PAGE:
The reality: When someone is having a seizure it’s not actually possible for people to swallow their own tongue. The only thing you will achieve by putting fingers in their mouth is an amputated finger – or maybe a hand full of vomit. St John recommends that you let the person have their seizure in peace. Prevent intervention by well-meaning onlookers and place something under their head for protection (a jumper or jacket is ideal as it will stop any facial abrasions or head injuries).

4. People seriously injured in a car accident

The myth: Move the victim away from the scene

The reality: Don’t move unless absolutely necessary, it is potentially more damaging

People often think they should move a person out of a wreck and lay them down nicely for ambulance officer.   St John recommends NOT to move the person unless there is a danger of, for example, the car exploding which is actually very rare.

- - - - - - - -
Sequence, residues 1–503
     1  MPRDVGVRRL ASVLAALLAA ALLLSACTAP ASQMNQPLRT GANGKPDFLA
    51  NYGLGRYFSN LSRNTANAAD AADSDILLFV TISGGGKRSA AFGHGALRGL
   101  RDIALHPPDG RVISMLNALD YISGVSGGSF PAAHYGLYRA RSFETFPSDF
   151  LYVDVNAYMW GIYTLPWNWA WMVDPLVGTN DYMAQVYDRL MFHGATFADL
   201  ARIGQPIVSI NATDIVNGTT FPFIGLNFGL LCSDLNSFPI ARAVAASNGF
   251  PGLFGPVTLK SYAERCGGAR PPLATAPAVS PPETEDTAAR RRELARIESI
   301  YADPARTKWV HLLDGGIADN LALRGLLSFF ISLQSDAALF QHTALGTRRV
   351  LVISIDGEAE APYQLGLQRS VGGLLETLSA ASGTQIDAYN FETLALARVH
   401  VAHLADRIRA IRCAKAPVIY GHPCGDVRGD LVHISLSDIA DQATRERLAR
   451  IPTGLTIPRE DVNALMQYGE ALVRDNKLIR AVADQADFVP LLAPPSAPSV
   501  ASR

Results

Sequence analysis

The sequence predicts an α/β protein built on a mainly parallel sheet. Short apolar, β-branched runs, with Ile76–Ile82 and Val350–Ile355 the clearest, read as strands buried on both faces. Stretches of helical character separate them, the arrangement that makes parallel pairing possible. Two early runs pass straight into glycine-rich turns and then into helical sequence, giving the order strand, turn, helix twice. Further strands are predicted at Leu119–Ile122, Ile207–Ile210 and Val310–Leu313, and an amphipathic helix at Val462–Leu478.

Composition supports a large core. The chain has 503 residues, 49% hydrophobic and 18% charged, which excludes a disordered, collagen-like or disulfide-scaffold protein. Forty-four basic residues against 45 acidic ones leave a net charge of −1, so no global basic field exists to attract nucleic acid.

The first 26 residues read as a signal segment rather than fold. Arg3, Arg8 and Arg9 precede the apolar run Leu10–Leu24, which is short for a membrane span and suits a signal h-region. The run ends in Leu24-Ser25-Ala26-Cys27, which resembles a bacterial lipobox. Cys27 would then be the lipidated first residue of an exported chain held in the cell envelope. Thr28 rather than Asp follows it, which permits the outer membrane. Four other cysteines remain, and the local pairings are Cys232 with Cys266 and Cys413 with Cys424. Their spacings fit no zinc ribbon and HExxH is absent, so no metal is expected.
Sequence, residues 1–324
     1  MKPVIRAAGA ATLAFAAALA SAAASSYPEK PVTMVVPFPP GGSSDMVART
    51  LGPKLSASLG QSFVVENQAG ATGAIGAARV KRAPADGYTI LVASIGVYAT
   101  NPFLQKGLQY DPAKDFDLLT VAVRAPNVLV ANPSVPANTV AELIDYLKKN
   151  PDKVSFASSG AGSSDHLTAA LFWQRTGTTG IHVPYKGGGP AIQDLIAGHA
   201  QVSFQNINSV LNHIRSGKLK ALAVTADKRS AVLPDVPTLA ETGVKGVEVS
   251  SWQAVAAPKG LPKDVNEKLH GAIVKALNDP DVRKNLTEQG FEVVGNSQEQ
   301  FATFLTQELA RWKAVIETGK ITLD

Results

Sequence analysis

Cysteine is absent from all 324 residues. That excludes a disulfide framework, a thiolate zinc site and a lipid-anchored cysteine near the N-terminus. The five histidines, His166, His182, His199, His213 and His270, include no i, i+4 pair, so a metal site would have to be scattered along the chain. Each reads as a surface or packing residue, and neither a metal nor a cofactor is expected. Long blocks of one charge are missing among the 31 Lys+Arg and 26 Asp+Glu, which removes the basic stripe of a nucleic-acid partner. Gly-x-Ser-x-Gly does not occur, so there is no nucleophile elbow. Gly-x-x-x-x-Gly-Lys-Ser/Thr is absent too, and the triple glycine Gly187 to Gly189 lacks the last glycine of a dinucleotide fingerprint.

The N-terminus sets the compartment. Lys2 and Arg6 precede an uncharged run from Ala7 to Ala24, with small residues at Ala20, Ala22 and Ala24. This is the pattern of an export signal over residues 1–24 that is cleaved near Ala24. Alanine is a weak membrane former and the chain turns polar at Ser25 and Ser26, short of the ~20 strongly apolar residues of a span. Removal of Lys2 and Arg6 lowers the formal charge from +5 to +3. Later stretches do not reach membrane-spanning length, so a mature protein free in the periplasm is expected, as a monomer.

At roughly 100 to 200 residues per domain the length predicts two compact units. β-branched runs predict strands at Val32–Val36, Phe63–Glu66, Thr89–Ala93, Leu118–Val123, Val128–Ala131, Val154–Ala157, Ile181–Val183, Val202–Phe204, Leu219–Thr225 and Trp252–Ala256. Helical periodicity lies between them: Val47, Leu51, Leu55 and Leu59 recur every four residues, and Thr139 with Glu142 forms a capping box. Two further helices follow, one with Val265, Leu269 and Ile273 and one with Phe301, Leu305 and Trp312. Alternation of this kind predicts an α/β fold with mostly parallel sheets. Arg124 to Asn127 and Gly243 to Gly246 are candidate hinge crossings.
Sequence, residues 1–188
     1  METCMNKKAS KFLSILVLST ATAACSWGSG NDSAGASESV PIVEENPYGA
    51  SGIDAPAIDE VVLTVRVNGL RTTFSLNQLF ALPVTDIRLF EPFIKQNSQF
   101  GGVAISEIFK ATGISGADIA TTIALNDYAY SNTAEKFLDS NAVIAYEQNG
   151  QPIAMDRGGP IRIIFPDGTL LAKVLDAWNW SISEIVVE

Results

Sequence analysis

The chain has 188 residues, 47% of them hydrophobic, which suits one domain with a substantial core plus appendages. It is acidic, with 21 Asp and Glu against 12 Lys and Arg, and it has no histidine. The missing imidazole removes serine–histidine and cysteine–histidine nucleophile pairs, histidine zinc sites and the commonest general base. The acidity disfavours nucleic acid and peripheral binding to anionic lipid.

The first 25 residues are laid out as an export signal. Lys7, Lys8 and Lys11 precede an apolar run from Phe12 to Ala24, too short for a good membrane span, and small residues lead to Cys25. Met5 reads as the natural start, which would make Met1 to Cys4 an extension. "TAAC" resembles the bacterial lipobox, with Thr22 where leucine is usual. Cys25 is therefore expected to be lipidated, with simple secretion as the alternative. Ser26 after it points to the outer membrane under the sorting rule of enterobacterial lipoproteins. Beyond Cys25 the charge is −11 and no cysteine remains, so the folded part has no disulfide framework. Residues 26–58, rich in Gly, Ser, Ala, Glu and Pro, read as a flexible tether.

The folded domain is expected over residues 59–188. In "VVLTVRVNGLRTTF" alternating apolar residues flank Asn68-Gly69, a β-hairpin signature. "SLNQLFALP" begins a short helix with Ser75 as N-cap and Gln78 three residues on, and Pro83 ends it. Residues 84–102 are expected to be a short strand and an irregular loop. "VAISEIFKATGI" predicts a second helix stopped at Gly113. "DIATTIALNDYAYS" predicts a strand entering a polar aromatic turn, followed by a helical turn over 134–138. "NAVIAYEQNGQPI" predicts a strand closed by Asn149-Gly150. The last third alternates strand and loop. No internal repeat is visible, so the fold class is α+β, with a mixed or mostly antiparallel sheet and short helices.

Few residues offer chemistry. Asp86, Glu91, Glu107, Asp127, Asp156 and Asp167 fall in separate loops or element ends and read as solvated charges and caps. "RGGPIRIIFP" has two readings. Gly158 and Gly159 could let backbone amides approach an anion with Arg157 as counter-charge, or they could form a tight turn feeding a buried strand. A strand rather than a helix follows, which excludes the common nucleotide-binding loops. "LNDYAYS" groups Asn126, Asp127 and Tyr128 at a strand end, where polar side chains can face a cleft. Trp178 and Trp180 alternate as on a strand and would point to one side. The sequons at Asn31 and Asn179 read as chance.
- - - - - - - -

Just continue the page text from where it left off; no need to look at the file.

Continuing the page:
5. Choking

The myth: Carry out the Heimlich Manoeuver immediately.

The reality: Encourage the person to relax and cough. People still believe in the Heimlich maneuver, but it can cause damage.  St John recommends that you encourage the person to relax and cough in the first instance and if this is not successful at dislodging the stuck item lay the patient across your legs towards the ground and hit them hard between the shoulder blades.

NOTE: Mamamia posts do not purport to provide medical analysis or consultation.  If you have any concerns or queries please consult your doctor or if you find yourself in the company of a person who needs medical attention, call an ambulance!

You can visit the St Johns website here. Its Provide First Aid covers management of the most common injuries; it also runs an Introduction to Sports First Aid course.